• ash

    I don’t know where Journalists get a “Flip Flop” from..

    Mazda have been developing their Hydrogen Rotary for years in the RX-8, that is now leased in Japan (2006) and Norway (the only country that has an exclusive Hydro Freeway with Gas outlets).

    Mazda also have their Mazda 5 Hybrid or sorts, a FWD Rotary engine that runs on Hydrogen and or Petroleum that also charges batteries for the cars electric drive train. So I would call this car a Hybrid, what else is it. This car has also been leased out in Japan and I guess Norway soon.

    The only “clarity” Mazda have made is that they will be making these and other Hybrids for General Sale within the next half decade or so.

    Hybrids are and will be for some time less than 1% of vehicle sales which will remain for some time, plugging in and waiting is not everyones wants in a car, let alone the heavy cost of manufacturing and the expensive replacement of batteries within 10 years of the vehicles life.

    Hybrids are NOT profit makers, just ask Toyota and now Honda, they are expensive “feel good” promotional exercises.

  • Dom

    A Mazda with a clean diesel engine? That would be very cool. Bring it on!

  • Eric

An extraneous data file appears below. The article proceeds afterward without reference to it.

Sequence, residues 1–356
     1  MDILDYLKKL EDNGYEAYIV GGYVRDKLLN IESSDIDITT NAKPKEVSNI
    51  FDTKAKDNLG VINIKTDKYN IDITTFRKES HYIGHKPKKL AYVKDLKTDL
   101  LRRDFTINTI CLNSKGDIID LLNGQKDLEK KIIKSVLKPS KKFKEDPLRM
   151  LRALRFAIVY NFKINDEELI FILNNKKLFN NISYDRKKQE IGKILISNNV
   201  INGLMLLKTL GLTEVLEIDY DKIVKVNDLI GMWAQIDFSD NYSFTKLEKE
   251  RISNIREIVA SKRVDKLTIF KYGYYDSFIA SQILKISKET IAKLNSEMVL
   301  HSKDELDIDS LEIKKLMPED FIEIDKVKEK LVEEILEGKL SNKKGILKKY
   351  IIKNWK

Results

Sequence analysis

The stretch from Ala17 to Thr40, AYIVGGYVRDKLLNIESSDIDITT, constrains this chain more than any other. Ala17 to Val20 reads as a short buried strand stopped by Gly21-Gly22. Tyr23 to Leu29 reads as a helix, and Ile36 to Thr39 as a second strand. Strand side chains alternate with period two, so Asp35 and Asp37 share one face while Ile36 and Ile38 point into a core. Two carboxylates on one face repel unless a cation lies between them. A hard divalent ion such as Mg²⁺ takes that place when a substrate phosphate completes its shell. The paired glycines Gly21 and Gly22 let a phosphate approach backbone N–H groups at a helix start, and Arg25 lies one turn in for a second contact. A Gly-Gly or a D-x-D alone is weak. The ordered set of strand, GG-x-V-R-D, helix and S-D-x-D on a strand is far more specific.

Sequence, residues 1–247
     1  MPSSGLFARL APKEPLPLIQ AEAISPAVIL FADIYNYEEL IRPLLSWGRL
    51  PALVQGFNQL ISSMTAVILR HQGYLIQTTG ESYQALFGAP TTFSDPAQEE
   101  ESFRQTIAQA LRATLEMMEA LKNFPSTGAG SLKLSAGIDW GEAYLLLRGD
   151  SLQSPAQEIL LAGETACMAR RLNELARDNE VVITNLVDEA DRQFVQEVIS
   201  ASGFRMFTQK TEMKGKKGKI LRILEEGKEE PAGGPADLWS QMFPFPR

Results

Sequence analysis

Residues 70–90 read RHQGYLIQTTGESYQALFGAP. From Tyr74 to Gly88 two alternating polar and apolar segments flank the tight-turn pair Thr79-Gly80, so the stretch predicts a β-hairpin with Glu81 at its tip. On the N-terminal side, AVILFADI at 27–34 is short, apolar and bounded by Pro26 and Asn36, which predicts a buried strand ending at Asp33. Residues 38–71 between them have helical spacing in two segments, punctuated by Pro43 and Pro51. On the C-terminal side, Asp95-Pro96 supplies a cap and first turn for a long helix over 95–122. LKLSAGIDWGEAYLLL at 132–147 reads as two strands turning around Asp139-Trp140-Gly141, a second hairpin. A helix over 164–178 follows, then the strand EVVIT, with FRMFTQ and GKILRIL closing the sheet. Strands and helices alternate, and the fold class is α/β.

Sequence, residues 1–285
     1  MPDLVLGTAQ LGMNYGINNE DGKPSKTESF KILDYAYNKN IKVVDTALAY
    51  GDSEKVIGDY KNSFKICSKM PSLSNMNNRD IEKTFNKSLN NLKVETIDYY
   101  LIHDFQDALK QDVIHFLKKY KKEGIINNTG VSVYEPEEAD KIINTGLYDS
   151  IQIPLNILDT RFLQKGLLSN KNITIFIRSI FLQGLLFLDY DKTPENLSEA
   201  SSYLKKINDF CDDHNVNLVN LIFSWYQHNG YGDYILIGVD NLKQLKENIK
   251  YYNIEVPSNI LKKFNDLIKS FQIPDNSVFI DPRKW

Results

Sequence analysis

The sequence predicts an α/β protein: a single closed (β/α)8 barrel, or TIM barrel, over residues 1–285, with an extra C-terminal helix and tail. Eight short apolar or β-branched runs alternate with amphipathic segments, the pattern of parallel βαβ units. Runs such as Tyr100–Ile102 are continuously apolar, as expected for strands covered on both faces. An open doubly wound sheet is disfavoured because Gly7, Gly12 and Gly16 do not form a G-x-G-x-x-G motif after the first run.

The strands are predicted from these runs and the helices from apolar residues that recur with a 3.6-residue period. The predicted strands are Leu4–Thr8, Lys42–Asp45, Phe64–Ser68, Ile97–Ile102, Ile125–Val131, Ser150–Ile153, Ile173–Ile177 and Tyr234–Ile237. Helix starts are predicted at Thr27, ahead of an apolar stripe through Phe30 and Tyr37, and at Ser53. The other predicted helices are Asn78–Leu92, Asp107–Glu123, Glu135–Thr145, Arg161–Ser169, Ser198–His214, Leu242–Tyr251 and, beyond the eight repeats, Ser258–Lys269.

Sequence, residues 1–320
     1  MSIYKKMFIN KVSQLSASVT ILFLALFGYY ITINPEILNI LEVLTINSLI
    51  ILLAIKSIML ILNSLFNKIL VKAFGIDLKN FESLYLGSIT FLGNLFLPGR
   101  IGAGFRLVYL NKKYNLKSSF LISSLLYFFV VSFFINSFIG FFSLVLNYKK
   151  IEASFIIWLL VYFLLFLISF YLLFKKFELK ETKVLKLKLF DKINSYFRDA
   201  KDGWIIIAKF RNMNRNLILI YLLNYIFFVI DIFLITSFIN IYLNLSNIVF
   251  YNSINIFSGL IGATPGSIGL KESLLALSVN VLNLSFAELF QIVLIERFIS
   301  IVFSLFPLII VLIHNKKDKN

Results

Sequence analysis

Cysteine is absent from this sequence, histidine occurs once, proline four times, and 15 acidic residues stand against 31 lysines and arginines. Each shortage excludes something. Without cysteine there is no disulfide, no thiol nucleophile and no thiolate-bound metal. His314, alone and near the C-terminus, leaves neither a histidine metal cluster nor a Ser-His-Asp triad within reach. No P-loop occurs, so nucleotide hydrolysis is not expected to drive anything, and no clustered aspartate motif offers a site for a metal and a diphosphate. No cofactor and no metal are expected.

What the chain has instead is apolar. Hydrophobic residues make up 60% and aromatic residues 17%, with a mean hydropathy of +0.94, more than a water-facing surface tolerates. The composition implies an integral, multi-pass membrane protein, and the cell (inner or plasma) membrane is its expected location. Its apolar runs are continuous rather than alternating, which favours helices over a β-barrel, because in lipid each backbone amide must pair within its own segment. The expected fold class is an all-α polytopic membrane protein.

Too little too late…is the word Mazda Japanese for Chevrolet?

  • Butterfly Mage

    Isn’t Mazda partly owned by Ford? Why can’t they just implement Ford’s hybrid system?

  • Shines

    If in this slow economy the hybrid Ford Fusion doesn’t sell too well Mazda could very well use the technology and sell a hybrid Mazda 6 along with the Hybrid Tribute(Ford Escape Hybrid).
    As far as hydrogen power goes I doubt it will ever be a serious contender compared to electric. Hydrogen needs to be stored under pressure, it leaks very easily (which is especially challenging because it is so volatile) and is expensive to produce.

  • Fred LaBar

    YES. Closest thing right now is minivans(22-24 mph) or new chevy traverse(and look a-likes)
    When is a hybrid minivan coming on market? seems OBVIOUS…. soccer moms are major stop n go.
    large vehicles have space for batteries… whats with these automakers?
    -Fred

  • RKRB

    Hey, howz about a Miata (MX-5) hybrid???? This could be a first — a hybrid 2-seater sports car!

    -Flip- flop, or “welcome to the family??” Failure to flip-flop is an evolutionary dead end. Rather than a “flip-flop” this is instead a changing one’s mind for the better, given the presence of new information. Mazda has never abused anyone’s trust on this issue, which would be a classic case of “flip-flop.” Maybe they could add some “zoomzoom” to the concept.

    -Sorry to hear Ford reduced its stake in Mazda — the two companies seemed to have a decent synergy going.